Gluten Free, Dairy Free Cottage Pie – it does work! 4

I hardly ever make Cottage Pie anymore. It is because of the mash. Zac doesn’t like it and won’t eat it. He used to like it, before we worked out his intolerances. So he hasn’t had it for a very long time. I have offered him the odd bit of roast potato mashed up with a fork – just as quick test, but he seems very wary of potato altogether. I don’t blame him. I think they ‘need’ butter. But that is not Zac’s issue with them. He doesn’t remember what butter tastes like. He just will not try anything new and is particularly wary of anything that looks fluffy or lumpy.

So not an easy task. But I love a challenge and am determined to expand his repertoire. He is still not four yet and I know his hunger as a growing boy and natural interest in me and my cooking adventures might eventually tempt him but I am growing impatient. All the books, Annabel Karmel, etc always go on about enticing fussy kids with individual sized mini portions. So I decided to have a go. I had planned to cook a ‘normal’ cottage pie for the rest of us, so it was no big deal to pull aside some freshly boiled potatoes for Zac and see if I could make a palatable dairy free mash.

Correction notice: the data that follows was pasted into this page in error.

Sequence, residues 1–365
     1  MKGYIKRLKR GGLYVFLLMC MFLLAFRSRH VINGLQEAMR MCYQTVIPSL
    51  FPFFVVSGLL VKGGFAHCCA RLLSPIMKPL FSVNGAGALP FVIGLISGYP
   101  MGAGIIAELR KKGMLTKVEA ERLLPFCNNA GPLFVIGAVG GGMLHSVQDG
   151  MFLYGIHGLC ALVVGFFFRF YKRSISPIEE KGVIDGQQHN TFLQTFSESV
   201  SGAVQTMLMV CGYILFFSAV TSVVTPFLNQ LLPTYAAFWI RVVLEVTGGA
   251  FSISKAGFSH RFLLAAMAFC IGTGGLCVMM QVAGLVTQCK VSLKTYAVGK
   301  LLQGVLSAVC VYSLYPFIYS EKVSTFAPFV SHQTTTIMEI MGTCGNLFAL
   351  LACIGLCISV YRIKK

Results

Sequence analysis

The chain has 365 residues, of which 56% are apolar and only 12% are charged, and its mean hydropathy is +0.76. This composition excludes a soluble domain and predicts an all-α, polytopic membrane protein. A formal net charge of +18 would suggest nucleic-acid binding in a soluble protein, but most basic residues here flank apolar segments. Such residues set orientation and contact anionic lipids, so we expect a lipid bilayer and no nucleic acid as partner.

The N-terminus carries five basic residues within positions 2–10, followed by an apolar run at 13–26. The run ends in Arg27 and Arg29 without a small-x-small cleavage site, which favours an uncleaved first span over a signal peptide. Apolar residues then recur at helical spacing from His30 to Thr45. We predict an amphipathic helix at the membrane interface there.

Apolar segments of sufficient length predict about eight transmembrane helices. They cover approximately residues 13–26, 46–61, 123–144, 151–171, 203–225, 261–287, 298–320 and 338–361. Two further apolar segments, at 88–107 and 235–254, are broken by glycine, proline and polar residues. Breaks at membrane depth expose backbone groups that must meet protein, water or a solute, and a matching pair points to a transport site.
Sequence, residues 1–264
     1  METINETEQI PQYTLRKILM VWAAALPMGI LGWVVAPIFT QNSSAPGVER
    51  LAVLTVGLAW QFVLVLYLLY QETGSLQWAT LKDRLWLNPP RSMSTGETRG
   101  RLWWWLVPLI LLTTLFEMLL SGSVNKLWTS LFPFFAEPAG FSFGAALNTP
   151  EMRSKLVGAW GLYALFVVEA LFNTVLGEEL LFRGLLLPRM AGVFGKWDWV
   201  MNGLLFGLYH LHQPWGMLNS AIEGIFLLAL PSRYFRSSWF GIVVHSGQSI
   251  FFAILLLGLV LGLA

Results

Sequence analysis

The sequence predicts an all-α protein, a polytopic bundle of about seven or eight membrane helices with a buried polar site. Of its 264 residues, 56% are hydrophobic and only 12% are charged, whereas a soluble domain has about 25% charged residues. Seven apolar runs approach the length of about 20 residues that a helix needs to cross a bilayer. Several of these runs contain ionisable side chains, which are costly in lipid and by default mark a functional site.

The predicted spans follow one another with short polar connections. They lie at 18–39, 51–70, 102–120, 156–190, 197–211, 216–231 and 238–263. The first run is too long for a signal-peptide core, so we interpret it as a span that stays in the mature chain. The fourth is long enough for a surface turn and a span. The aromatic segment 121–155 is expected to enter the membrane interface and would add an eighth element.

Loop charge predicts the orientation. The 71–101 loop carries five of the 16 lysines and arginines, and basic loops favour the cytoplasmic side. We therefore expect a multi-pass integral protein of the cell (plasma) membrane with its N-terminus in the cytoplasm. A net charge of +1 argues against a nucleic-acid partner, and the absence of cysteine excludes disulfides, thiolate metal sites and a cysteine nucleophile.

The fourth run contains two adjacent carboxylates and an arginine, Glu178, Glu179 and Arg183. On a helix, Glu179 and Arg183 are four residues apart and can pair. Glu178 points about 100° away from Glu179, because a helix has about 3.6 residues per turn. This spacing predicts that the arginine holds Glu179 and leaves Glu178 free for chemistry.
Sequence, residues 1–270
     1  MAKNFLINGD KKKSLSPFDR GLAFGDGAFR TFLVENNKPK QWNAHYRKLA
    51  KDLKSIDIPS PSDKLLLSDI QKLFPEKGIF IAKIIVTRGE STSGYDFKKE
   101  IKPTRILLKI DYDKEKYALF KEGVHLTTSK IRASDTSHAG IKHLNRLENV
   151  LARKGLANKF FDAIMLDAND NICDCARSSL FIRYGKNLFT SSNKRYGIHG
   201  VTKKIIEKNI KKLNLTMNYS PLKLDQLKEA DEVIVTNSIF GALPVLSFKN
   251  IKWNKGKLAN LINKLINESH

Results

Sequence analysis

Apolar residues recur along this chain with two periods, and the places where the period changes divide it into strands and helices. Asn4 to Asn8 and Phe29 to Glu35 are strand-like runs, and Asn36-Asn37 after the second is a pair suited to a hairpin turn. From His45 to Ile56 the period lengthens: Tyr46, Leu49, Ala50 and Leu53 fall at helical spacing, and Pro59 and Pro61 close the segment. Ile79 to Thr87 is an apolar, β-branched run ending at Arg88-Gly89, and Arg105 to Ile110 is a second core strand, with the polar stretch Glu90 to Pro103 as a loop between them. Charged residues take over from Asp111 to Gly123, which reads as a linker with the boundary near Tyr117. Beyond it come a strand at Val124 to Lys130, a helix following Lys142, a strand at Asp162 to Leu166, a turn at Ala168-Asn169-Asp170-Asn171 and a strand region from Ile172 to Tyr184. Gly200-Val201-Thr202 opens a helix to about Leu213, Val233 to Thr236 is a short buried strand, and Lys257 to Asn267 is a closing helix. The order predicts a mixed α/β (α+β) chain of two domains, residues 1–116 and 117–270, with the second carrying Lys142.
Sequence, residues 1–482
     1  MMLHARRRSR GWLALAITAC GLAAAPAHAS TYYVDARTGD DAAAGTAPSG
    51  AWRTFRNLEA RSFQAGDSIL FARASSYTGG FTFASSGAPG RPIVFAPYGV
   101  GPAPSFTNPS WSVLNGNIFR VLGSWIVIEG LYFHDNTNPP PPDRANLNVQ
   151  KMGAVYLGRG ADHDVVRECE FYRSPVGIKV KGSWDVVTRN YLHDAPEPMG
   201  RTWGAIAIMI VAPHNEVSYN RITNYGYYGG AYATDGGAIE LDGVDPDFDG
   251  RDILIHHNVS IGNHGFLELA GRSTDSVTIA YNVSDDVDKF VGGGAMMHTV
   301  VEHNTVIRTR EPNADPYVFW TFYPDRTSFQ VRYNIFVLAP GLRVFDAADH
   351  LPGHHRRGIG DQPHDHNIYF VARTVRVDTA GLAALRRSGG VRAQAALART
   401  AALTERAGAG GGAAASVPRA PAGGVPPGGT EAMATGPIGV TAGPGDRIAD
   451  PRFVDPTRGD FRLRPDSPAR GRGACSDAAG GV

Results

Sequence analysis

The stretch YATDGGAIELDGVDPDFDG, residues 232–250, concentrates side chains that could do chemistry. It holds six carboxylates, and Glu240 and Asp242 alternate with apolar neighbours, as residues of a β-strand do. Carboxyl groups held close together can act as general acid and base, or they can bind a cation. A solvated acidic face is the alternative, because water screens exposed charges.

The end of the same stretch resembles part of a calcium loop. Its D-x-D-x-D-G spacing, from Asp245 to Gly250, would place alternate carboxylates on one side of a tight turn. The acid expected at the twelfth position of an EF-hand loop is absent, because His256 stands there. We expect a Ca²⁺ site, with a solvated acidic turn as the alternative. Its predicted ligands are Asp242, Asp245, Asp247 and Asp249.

I know a lot of people add milk to mash. I never have. Milk makes me heave too, so I always used to use a lot of butter and often add some extra virgin olive oil. For Zac’s version, I used some Pure Dairy Free Sunflower spread instead of butter. I know that Pure also make an Olive flavoured spread, so that might be worth a go, as I imagine it has more flavour.

As I only had the sunflower version, I had to go with that. It was fine. I guess I had two small boiled potatoes. I crushed them in the pan first with a fork and gave them an extra season with a sprinkle of salt. I know you aren’t supposed to use too much salt, especially in children’s cooking, but it is essential with something like mash and I almost never use it anywhere else, so my conscience is clear with this addition.